Wine, The Bi-Rite Way
Trac Le, Bi-Rite’s Wine and Alcohol Buyer, tells us about Bi-Rite Wines and explains his philosophy towards buying, making and enjoying wine.
Bi-Rite began making wines in 2012 and now offers six different varietals including Pinot Noir, Chardonnay, Gruner Veltliner, Sancerre, Côtes du Rhônes, and Malbec. Tell us, how did Bi-Rite begin making wine?
There’s a long history of making private label wines (wines that are created by a winery on behalf of a partner) and those have typically involved bottling leftover bulk wine. This allows the winery to sell surplus wine and the partner to offer customers a less expensive bottle. At Bi-Rite, we wanted to do things differently. Since we’ve always focused on relationships, we chose to work with producers whose wines we already sell and love. The main goal of our Bi-Rite Wine program is to offer wines that are a great value, being affordable, tasting great, and most importantly food friendly. They need to be sustainably made and ultimately, is a wine that overdelivers for the price. Food friendly means the wines are higher in acidity and lower in alcohol, really anything below 13.5%. The acidity brightens everything you eat and the lower alcohol content doesn’t weigh down the palate.
You mention sourcing being important when it comes to Bi-Rite Wines, how does this apply to the rest of the wine department?
It’s very important. In fact, when considering to carry a potential new wine, while taste is arguably most important, we have to make sure it’s sustainably farmed or farmed with organic practices, has minimal intervention (this means no additives) and is hand-harvested and hand-sorted. At the end of the day, we want to support producers who are practicing honest winemaking, and who are creating something truly delicious.
The Bi-Rite Pinot Noir and Chardonnay are two wines you created in partnership with Samantha (Sam) Sheehan of Poe Wines. How did that relationship develop?
I’ve known Sam since 2014 and have always admired her approach to winemaking. We sell her Poe Rosé and Pinot Noir in the Markets and have a hard time keeping them in stock. Back in 2013 when I was thinking about expanding our Bi-Rite Wines program, Sam told me she knew of a vineyard from 1972 that was about to be replanted. This is pretty typical in California, most vineyards are replanted every 12-15 years since the yield decreases as the vines grow older. That said, there was something alluring about saving that vineyard and making something new, so we went ahead and bought the grapes which turned into our first Bi-Rite Pinot Noir.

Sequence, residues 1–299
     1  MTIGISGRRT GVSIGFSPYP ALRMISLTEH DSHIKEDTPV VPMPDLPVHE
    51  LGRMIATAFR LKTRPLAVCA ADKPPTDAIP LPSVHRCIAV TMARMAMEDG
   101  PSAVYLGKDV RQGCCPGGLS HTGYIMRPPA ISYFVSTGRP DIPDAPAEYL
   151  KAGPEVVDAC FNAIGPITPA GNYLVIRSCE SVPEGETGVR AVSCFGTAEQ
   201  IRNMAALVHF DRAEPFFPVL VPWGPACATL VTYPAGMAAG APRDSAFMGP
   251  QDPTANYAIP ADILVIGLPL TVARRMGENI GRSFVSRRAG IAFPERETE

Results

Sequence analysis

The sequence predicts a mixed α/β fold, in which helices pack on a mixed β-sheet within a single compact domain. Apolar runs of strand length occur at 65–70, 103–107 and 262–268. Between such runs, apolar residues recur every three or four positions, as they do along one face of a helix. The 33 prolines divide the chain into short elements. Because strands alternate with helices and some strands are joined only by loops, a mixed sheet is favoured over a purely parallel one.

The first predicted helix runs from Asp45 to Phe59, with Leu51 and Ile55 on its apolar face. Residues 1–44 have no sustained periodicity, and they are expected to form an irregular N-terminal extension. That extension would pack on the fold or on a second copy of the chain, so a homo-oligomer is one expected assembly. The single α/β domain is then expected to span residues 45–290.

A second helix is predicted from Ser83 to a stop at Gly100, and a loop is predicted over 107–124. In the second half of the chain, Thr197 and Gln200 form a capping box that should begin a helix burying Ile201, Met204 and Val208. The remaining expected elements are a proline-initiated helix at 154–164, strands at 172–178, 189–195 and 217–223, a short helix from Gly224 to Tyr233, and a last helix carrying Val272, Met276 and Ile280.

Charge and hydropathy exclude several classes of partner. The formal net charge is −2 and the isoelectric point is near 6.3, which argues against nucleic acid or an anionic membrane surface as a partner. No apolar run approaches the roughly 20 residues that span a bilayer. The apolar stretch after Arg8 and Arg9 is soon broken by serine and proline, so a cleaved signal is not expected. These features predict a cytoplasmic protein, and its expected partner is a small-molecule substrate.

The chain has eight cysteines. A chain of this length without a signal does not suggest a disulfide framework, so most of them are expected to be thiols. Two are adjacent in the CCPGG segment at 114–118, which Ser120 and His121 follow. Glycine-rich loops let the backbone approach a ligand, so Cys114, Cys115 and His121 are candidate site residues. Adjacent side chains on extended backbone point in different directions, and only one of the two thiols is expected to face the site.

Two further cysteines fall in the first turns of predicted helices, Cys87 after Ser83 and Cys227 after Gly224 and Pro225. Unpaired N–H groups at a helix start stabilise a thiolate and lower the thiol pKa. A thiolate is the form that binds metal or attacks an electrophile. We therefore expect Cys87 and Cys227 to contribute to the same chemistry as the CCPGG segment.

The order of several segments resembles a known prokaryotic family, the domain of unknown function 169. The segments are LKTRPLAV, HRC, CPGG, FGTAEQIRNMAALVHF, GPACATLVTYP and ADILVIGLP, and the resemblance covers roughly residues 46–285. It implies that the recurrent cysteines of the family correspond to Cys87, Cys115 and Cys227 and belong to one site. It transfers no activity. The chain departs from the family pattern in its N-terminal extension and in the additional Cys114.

How would you describe the collaboration process between Bi-Rite and the winemakers you choose to work with?
It’s a little different for each wine but for the Pinot Noir and Chardonnay it’s been very collaborative and that’s primarily because we’re working with Sam on those wines, and she’s based in Sonoma. Working on that first Pinot Noir vintage has turned into a longstanding partnership. We’ve been making wine together ever since, and this year, collaborated on our very first Bi-Rite Wines Rosé. It’s very exciting because we’ve been wanting to make a Bi-Rite Rosé for years and were waiting for the right vineyard. Sam found one in Lodi that’s owned by the Bokisch family, a truly great family of winemakers, and they sold us some Grenache to get started with. Sam and I were looking for a specific style, going after that quaffable Provençal style rosé, one that has high acid, refreshing with a bit of fruit and spice. We’re excited to launch this wine in February and like our first Pinot Noir, we’ll only have 100 cases, so it’s going to go fast.
You mentioned that relationships have been an important part of the Bi-Rite Wine program from day one. How does this philosophy differ from the rest of the industry?
For Bi-Rite, it’s really about the people behind the wines. It’s important to me that we put the winemakers on the front label of each bottle, which is something that’s not usually done. I’m proud that we’re able to partner with these incredible producers and including them on our labels is one way we can celebrate their product.
With the rosé release around the corner, have you thought about which varietal you’d like to develop next?
I’m really excited to launch the rosé because it’s something we know guests really want. As far as the next varietal, I’d like Bi-Rite guests to tell me what they’d like to see on the shelves. I think a Riesling would be pretty great, but really, I’m all ears.
Want to send Trac your thoughts on Bi-Rite Wines? Send us a DM on Instagram at @biritesf.